The Harlem Renaissance of the early 1900s was a golden age in African American culture, influencing literature, theatre, visual arts, and — of course — music. In the middle of it all was Baltimore’s Jazz legend, Cab Calloway. Today, his grandson, Peter Brooks, carries on Calloway’s revival.
“This outpouring of culture has captured the imagination of Americans for more than a century and has yet to be eclipsed as the single most important cultural event in American history,” Brooks says. “My grandfather’s heritage set me on a lifelong journey to discover the power of the Harlem Renaissance. It is possible to replicate this power and create a renaissance in our own lives.”
Renaissance and healing for Baltimore’s heroes
Brooks leads a series of 10 healing arts classes for veterans this summer in Maryland libraries. The sessions help veterans combat PTSD with ancient artforms that induce a state of mindfulness. While the classes are focused on veterans, they remain open and free of charge to anyone interested.
According to a recent survey, 83% of all US veterans and active-duty service men and women have experienced PTSD since serving in the military following the attacks on 9/11. PTSD is often brought on by prolonged exposure to trauma and manifests with symptoms similar to depression and anxiety. To manage their symptoms, many turn to drugs and alcohol. Brooks enables people to avoid these potentially harmful coping practices by treating nightmares and persistent memories through mindfulness and meditation.
Why meditation is working
Brooks has developed an artform that combines performance art with ancient practices. While meditation has been practiced around the world for thousands of years, his art-based approach sets his classes apart. “People around the world have been doing this for millennia. We just never looked at it from the perspective of art,” says Brooks.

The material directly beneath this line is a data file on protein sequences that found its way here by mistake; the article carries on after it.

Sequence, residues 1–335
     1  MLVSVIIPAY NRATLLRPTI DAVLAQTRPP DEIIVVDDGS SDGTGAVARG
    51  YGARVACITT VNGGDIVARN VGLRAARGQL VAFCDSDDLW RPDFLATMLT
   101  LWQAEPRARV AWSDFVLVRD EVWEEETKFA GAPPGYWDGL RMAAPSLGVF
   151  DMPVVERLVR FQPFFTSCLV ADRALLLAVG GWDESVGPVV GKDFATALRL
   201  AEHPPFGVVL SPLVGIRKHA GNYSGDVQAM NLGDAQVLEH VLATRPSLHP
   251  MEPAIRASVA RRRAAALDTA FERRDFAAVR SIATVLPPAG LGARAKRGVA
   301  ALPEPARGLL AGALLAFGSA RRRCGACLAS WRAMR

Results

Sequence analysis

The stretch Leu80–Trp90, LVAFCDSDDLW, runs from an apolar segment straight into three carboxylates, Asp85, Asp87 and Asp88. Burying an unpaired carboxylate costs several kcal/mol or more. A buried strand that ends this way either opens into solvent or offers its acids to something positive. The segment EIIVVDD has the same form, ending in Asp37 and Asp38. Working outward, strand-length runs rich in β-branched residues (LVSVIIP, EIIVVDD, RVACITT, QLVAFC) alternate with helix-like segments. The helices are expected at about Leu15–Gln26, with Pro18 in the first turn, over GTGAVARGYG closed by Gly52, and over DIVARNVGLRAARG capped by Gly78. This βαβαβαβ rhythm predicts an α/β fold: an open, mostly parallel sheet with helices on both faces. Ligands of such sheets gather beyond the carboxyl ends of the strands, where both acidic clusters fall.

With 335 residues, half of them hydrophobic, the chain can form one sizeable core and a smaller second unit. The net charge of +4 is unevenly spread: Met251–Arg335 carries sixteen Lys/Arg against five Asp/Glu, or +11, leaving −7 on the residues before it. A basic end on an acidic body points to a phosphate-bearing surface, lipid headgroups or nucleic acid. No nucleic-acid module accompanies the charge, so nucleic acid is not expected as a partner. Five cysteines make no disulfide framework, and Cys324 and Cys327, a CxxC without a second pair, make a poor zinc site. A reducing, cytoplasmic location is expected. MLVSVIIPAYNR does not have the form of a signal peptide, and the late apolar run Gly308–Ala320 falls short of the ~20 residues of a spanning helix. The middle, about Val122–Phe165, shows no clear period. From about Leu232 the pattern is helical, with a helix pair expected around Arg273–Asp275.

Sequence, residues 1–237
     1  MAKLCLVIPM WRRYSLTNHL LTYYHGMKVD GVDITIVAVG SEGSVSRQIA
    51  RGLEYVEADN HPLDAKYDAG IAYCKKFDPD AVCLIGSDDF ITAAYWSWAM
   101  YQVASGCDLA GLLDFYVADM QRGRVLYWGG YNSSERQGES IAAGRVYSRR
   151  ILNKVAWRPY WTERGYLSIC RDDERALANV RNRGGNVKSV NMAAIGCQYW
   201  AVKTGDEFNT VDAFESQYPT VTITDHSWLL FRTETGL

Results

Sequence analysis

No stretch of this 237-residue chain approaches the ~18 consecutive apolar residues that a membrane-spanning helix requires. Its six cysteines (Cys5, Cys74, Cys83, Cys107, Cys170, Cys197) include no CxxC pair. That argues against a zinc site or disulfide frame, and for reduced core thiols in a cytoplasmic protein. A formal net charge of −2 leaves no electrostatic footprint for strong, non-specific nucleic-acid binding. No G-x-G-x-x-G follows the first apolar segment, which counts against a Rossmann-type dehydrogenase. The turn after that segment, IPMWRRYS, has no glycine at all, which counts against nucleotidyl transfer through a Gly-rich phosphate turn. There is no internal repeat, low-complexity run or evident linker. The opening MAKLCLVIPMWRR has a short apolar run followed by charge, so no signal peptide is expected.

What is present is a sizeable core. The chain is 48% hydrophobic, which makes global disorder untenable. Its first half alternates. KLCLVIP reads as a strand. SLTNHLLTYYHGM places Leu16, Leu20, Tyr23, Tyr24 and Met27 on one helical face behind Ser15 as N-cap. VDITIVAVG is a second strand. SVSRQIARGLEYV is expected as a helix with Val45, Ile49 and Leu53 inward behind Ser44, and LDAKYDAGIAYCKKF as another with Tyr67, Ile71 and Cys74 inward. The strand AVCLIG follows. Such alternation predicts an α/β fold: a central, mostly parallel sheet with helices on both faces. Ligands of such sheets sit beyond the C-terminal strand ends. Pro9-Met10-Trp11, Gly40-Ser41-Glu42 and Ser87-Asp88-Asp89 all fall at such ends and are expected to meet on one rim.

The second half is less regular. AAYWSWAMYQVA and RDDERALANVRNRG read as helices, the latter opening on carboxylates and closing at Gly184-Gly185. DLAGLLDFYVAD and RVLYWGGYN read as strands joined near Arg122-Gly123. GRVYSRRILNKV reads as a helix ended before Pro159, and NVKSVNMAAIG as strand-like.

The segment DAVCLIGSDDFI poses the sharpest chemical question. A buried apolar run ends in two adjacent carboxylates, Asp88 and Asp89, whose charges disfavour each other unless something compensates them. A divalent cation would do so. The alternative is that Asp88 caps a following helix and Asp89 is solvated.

Using 10 proven mindfulness practices, Brooks enables people with PTSD to reach a deep meditative state. “I call it ‘secular shamanism,’ he explains. “It is secular because it is non-religious, and shamanistic because participants achieve healing by going in and out of a trance-like state.”
The technique is designed to offer positive distraction and immediate relief. Brooks begins by introducing his students to the concept that meditation, prayer, singing, intense focus, and hypnosis are all one and the same. He compares this deep meditation to the moments just before sleep.
Cultures worldwide have tapped into this soothing practice throughout humanity’s recorded history, and Brooks adopts many of those global techniques. His classes incorporate Tibetan singing bowls, Hindu mantras, Native American songs, and recitations to enable veterans to embrace and control the trance-like state.
As part of their military training and active-duty service, many veterans have already developed that semi-conscious state of alertness, being trained to remain aware of their surroundings even when half asleep. Today, Brooks is helping them overcome PTSD by regaining that ability.
As his students relax, Brooks enables them to hack into their own brains. By focusing on positive messaging and visualization, they learn to hit the reset button on overwhelming emotions.
“I targeted my class toward veterans because of their honor, relationship to the land, and history,” Brooks says. “Because of this connection, they have a real head start on understanding and utilizing these practices. Priests have meditated for thousands of years, and so have warriors. My techniques build on the training soldiers receive in the US military, but they are also effective for civilians dealing with stress and trauma in their lives.”
Brooks is a firm believer that everyone must reinvent themselves or overcome incredible obstacles at some point due to circumstances beyond their control. The African-American artists of the Harlem Renaissance, for instance, rose above their challenges to create an artistic revolution.
Brooks says that the same rebirth is possible for anyone. “Enlightenment, creativity, resilience, and sophistication are the gifts that the Harlem Renaissance brought to American culture. Through mindfulness and mental healing, we can tap into them again today.”
Brook’s stress reduction classes will be held from 10 a.m. to 4 p.m. at various libraries throughout Dorchester, Howard, Somerset, Baltimore, and Washington counties. Readers can learn more on Facebook.